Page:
American Dog Tick Removal

Helping to reduce tick populations since 1928!

Oval and flattened in shape, American dog ticks are brown with whitish to gray markings. As larvae, they have six legs while nymphs and adults have eight. These extremities allow them to effectively crawl through their environment, as well as animal fur and human hair. Depending on whether or not they have fed on host blood, American dog ticks can range in size from 5 mm to 15 mm.

Also known as the wood tick, the American dog tick got its name from the fact that adult ticks prefer to feed on domestic dogs and that this particular tick species is only found in North America. The American dog tick is a member of the hard tick family, meaning that it possesses a hard exterior shield. American dog ticks are known to harbor bacteria responsible for causing diseases in humans such as Rocky Mountain spotted fever, which is spread when they suck blood from their host. Exposure to these ticks is most likely to occur during spring and early summer.
When they are ready to lay their eggs, adult female American dog ticks will detach themselves from their hosts and search for a suitable egg-laying location. Over 14-32 days, she will lay as many as 6,500 eggs and then die. The eggs typically hatch in 36-57 days, during which time the larvae emerge and seek out small hosts, such as mice. Engorgement often requires six days, but the larvae can survive up to 584 days unfed. After sufficiently feeding, they will drop off of the host and look for a place to molt into nymphs. This process usually takes about 24 days. Depending on the climate, the entire lifecycle of an American dog tick (egg to egg) can take anywhere from three months to more than one year. In the northern United States, it’s common for the lifecycle to last two years.

Where Are American Dog Ticks Found?

These ticks prefer grassy areas with low vegetation where larger mammals pass by. American dog ticks do not survive well indoors. It is thought that American dog ticks are attracted by the scent of animals, so they are common along roads and trails. These pests thrive in areas where grasses, bushes and plants are accessible to humans. While American dog ticks choose habitats that maximize their exposure to potential hosts, they can survive for about 2-3 years (1,053 days) unfed. Adult American dog ticks prefer to bite domestic dogs and can therefore be brought into the home and potentially transferred to humans.

How Did I Get American Dog Ticks?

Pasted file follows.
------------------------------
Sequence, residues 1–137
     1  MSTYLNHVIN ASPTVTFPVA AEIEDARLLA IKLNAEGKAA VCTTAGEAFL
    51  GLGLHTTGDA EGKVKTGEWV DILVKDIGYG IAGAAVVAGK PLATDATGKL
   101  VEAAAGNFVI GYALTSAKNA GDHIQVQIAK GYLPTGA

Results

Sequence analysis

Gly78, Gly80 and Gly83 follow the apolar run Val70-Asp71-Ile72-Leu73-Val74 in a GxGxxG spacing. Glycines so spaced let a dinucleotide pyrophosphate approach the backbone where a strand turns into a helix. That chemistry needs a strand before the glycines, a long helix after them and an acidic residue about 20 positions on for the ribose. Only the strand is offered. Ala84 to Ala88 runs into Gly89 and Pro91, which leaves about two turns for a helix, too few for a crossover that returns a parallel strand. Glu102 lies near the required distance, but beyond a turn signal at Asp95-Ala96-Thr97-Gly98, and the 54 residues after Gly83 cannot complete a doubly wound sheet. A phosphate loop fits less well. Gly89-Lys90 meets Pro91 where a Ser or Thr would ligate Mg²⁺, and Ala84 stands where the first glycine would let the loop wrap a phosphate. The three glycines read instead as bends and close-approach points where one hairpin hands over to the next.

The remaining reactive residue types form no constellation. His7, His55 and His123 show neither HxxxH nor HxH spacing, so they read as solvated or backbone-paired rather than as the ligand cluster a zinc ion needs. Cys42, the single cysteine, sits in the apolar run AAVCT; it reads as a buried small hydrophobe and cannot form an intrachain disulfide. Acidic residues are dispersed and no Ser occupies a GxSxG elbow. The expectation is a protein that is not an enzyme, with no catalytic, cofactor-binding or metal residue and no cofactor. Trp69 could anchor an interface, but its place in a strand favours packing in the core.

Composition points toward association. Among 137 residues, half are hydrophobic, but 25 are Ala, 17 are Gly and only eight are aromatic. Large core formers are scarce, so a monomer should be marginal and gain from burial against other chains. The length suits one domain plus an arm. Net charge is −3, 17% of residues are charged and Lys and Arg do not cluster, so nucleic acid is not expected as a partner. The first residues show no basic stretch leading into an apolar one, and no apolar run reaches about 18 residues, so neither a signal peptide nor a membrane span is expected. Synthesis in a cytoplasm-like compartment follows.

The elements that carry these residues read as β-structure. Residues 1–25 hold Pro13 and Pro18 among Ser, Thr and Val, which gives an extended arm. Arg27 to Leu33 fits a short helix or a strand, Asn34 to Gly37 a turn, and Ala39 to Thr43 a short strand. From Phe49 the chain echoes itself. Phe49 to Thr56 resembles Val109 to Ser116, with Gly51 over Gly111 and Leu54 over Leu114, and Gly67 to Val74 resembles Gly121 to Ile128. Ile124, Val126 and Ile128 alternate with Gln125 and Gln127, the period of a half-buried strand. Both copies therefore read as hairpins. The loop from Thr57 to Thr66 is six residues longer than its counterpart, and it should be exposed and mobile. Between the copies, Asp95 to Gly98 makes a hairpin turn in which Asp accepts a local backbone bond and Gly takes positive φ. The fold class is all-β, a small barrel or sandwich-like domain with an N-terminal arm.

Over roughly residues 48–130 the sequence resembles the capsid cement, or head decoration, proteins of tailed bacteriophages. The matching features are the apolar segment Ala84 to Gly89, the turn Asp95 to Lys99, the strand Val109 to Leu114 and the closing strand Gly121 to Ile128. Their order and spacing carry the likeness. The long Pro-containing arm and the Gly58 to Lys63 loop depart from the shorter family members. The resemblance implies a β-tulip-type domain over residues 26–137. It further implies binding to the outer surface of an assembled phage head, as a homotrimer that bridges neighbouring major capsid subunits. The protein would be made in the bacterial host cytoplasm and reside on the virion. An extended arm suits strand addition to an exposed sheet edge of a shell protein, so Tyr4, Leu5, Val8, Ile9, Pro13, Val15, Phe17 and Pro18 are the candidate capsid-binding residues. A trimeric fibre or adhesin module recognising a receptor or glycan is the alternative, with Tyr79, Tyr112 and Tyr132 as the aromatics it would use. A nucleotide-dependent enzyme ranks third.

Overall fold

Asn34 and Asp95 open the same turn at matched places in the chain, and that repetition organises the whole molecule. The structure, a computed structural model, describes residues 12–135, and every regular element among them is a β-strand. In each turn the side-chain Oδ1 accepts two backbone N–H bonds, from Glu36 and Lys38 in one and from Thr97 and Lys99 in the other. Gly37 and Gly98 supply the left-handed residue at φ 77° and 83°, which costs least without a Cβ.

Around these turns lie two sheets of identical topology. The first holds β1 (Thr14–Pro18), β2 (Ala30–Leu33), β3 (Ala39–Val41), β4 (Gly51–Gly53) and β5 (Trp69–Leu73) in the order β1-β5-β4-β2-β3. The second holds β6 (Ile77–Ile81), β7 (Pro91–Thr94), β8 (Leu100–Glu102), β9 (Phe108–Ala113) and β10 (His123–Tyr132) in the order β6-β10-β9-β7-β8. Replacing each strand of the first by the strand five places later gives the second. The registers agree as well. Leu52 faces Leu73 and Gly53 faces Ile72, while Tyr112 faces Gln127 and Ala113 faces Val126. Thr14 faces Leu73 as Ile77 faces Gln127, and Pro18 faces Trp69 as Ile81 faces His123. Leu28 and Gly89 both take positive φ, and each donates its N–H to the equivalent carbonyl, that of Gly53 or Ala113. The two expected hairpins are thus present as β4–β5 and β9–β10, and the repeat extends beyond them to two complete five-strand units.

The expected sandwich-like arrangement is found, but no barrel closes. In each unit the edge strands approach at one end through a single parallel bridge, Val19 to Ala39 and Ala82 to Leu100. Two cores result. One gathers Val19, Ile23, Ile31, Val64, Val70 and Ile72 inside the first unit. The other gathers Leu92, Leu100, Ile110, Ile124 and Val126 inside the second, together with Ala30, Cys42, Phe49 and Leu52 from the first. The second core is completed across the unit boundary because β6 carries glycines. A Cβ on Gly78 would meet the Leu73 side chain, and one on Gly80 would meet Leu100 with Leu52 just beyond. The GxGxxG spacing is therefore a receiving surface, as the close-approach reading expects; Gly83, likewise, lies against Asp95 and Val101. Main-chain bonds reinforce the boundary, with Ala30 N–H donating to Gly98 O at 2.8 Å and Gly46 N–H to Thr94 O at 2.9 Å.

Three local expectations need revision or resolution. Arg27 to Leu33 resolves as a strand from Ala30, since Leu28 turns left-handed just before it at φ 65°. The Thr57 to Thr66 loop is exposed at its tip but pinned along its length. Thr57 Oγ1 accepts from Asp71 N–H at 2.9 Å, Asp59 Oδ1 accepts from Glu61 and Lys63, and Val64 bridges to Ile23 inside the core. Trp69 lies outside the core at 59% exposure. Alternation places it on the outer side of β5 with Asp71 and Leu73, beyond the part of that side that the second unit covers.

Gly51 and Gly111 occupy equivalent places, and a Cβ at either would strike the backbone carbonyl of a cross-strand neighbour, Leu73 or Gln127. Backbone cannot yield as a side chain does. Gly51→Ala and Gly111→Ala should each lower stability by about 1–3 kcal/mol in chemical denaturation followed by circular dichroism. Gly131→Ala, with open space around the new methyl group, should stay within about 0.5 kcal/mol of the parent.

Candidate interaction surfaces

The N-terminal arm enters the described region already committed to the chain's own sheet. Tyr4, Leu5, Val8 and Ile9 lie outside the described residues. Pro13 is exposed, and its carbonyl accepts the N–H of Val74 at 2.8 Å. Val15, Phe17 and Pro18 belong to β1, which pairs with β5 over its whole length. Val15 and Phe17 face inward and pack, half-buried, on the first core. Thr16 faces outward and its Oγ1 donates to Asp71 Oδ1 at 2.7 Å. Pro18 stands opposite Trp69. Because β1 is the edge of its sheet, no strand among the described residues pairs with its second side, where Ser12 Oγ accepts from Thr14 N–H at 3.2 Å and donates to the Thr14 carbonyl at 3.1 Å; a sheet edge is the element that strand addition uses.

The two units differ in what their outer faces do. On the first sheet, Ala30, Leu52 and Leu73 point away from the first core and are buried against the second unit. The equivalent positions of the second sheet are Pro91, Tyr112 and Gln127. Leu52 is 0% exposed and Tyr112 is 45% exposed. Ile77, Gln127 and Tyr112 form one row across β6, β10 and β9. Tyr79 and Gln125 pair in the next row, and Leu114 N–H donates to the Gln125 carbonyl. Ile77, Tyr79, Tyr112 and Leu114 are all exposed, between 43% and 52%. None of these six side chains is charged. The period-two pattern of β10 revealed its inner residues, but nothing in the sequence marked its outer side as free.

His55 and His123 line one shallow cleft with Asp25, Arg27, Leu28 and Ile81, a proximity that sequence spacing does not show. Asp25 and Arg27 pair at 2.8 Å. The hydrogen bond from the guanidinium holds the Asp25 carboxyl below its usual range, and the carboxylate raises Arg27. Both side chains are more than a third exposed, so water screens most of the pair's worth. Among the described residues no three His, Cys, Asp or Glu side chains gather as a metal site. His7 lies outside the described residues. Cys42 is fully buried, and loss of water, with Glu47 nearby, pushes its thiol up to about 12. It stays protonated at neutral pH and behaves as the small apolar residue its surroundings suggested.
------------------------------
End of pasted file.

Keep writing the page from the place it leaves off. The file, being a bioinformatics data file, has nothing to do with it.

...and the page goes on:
Homeowners with outdoor pets and tall grass are at higher risk for coming into contact with American dog ticks. Unless you have tick treatments done, you won’t be able to not have them. Keeping the grass around the home well-trimmed can help but even then you should always inspect pets and people closely after outings. If you suspect a tick problem on the property, contact us to come in and deal with your tick problem.

Problems Caused

The American dog tick is the primary vector of Rocky Mountain spotted fever (RMSF), which is caused by the bacterium Rickettsia rickettsia. According to the CDC, Rocky Mountain spotted fever has been a nationally recognized condition since the 1920s. Symptoms of Rocky Mountain spotted fever include high fever, chills, muscle aches, and headaches. A rash that may spread across the extremities occurs in some cases. It usually develops 2-4 days after the fever begins. The disease is treated with antibiotics, but can be fatal if left untreated.

Another disease American dog ticks are known to transmit is tularemia, which is caused by the bacterium Fracisella tularensis. It is transmitted from rabbits, mice, squirrels, and other small animals. Symptoms include fever, chills, and tender lymph nodes. An ulcer may form at the tick bite site.

In addition, American dog ticks can cause tick paralysis, which can lead to severe respiratory distress and muscle weakness in those affected. If you believe you have contracted one of the American dog tick diseases mentioned above, please call a healthcare professional. To avoid all this, it would be best to call in a professional pest control company to provide you with tick treatments that will result in ultimate tick control.

Not the tick you have?

How Can I Prevent American Dog Ticks

In order to avoid being bitten by an American dog tick, apply an insect repellent containing an EPA-registered ingredient, such as DEET, picaridin, or oil of lemon eucalyptus. Also, consider wearing long sleeved shirts and pants, preferably light colored so ticks will be easy to detect, and tuck your pants into your socks. This may not be a practical solution during the hot and humid Connecticut, New York, New Jersey, Pennsylvania, and Delaware summers, though! The best thing you can do is inspect clothing and skin on pets and all people after being outside. Immediately wash any clothes worn outside.

If you have a bite from an American dog tick, use fine-tipped tweezers to grasp it as close to the skin’s surface as possible. Pull upward with steady, even pressure. Don’t twist or jerk the tick as this can cause the mouthparts to break off and remain in the skin. Once the tick is removed, thoroughly clean the bite site with soap and water. Then, flush the tick down the toilet or wrap it in a tissue before disposing in a closed receptacle. You could also save the tick in a sealed bag to be tested for any potentially harmful bacteria.
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